Wednesday, November 25, 2015

Car stereo and price hiding: Buy from Crutchfield but hire an installer.

Our car stereo died a few weeks ago. Wire cutter liked a model that seemed to fit our needs, the Pioneer DEH-X6800BT (Owners manual, I save these on my iPhone) was $112 at both Best Buy and Crutchfield. I didn’t want to do my own installation, so I bought it at Best Buy.

When it came time to do the installation Best Buy told me I needed to spend $70 for a kit — which they didn’t have. It turns out the same kit is bundled free of charge with the Crutchfield device. I can see why Best Buy exploits information asymmetry to hide the true cost of their services, but I think Crutchfield could market their price advantage a bit more. The Best Buy installers (Geek Squad) tell me they’ll do the install at the same price if I bring in the parts.

So now you know. 

(I’ve ordered the unit from Crutchfield, when it comes I’ll decide if I want to try the install myself. In their favor Best Buy is good at accepting returns, in this case an unopened return.)

Update 12/14/2015

After I studied the Crutchfield installation directions little red lights started going off. Especially given vague descriptions of tools I needed (not mentioned previously) and after I took a look at the wiring harness. So I decided to hire an expert.

Best Buy installers require payment in advance and they were booked out quite far. I found a local place with a single (very good) Yelp rating; same cost, quicker appointment, no advance payment and I felt more confident in them. The install took 45 minutes. I’m very glad I didn’t attempt it myself; the uneasy feeling I got from the Crutchfield online directions was well justified. I wonder if Crutchfield more-or-less expects people to pay someone to do the install.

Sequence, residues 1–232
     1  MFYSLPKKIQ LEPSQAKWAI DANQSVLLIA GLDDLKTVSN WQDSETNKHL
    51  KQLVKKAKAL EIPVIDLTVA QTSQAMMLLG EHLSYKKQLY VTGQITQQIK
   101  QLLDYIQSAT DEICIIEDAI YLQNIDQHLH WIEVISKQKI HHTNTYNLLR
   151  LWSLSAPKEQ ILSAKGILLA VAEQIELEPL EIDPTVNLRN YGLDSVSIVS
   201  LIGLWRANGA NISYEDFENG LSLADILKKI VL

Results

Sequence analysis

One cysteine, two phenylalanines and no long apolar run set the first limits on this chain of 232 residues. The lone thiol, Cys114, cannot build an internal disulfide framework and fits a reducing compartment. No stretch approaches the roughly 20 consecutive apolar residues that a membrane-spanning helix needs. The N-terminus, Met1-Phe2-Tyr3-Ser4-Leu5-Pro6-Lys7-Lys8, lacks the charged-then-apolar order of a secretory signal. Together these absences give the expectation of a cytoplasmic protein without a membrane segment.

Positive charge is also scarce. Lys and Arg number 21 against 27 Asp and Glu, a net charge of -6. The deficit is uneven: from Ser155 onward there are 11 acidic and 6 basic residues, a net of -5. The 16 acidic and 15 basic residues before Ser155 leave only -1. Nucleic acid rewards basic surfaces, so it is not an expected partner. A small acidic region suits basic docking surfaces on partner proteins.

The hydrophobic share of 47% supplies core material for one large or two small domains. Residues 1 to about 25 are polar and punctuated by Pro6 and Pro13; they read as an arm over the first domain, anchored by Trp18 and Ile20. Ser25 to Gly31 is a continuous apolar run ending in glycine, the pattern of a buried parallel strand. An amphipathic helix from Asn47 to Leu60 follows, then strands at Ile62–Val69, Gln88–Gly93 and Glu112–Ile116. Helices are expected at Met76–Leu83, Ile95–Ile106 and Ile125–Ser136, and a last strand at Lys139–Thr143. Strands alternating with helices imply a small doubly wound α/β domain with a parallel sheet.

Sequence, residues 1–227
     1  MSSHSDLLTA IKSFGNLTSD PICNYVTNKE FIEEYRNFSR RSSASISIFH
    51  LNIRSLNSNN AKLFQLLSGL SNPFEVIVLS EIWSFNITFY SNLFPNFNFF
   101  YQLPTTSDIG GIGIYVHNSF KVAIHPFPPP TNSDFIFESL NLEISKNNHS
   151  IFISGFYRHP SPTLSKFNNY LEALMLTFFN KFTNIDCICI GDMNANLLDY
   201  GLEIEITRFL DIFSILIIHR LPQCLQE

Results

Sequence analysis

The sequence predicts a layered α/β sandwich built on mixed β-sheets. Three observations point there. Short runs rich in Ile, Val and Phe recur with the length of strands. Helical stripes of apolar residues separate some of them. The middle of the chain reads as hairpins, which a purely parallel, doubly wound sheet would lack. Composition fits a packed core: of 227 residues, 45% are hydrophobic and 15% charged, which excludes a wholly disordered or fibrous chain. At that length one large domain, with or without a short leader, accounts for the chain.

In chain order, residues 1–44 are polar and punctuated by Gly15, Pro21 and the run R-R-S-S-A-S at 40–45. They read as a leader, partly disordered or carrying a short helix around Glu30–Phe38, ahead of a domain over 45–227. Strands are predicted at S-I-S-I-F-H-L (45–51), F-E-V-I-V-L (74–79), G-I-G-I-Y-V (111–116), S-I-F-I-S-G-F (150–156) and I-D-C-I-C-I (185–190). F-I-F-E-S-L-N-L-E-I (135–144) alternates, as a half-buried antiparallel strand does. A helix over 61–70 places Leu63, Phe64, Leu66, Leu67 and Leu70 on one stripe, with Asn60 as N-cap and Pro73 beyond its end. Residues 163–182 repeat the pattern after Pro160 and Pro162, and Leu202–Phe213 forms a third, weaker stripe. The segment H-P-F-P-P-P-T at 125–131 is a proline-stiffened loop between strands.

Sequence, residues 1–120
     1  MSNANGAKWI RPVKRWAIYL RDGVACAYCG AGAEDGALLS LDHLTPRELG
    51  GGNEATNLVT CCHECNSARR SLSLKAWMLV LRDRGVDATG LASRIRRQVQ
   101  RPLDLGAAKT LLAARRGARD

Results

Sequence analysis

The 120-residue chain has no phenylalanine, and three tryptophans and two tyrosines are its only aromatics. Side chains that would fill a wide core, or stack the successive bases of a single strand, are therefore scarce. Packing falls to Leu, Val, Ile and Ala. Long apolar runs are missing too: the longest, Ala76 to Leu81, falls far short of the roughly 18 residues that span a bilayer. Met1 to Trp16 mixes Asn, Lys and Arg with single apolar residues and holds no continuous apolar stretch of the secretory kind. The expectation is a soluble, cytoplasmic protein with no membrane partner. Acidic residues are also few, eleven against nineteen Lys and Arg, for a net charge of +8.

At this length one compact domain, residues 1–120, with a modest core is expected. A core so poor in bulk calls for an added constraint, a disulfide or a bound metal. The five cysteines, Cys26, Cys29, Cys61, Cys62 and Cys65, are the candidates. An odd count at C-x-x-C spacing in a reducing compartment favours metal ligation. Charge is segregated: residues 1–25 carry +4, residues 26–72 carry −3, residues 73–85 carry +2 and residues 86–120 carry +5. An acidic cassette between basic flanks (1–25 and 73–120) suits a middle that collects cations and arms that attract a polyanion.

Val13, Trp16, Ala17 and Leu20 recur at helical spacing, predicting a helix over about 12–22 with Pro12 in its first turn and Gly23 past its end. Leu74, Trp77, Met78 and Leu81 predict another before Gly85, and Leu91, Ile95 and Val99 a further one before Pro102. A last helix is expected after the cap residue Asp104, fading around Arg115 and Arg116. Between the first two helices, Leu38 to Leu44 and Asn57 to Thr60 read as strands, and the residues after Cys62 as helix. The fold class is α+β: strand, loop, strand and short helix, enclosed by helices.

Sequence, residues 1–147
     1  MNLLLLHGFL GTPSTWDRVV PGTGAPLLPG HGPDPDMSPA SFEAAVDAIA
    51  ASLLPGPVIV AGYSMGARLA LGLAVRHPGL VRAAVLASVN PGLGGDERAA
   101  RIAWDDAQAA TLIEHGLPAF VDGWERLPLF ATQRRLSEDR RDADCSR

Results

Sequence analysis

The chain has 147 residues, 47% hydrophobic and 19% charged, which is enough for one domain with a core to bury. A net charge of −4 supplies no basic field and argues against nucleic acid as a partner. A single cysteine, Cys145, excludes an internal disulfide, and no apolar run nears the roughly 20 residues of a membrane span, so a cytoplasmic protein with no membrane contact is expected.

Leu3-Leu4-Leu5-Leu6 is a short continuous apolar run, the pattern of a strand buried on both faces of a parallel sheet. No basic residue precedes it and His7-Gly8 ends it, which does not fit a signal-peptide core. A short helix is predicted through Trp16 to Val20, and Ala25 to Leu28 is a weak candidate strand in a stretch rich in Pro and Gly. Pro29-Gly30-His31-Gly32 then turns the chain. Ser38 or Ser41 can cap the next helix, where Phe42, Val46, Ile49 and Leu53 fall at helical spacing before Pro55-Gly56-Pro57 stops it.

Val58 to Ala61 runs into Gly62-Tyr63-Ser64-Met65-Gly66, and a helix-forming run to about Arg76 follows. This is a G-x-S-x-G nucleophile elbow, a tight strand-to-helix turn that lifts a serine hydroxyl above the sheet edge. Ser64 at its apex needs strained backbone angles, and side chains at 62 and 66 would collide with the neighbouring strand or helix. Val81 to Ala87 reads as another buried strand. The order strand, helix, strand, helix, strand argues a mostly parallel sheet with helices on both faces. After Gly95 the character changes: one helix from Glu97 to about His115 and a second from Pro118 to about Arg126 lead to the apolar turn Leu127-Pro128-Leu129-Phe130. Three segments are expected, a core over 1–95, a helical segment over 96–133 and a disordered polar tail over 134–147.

My installer had no qualms about using the Crutchfield gear, he didn’t need anything else.

So after trial and error I’d recommend: 

  1. Find a local installer and confirm they’ll work with the gear you bring.
  2. Look at Wirecutter recommendations. Emily wanted CD so narrowed it down. 
  3. Order from Crutchfield. They bundle installation gear so was $70 less than Best Buy. 
  4. Pay expert to install. Locally I’d recommend this place.
The car stereo seems fine. I won’t do a full review (no time!), but only negatives were a default color change pattern only a teenage boy would appreciate and finding that the Pandora features don’t work with iPhone if you choose Bluetooth connectivity. The former is fixable in settings; the manual doesn’t mention this but you can easily set the display a neutral white. The latter wasn’t a big deal.
There’s a huge volume shift from Bluetooth to FM Radio; when I switched sources I almost blew my stock speakers out. 
Update 12/16/2015
  • The bluetooth connection is messing up Siri, it’s way less reliable. I know of a similar problem with a different BT user. I’m probably going to disable the BT connection and connect via USB.
  • The faceplate won’t come off, it’s stuck on the left side. My installer class that’s a problem with the (free) Crutchfield cage.
  • The UI is pretty awkward, but I’ll figure it out.
  • My Amazon review, including volume issues. I’m going to switch to using the USB/power cable and see if the volume/Siri problems are better.

See also

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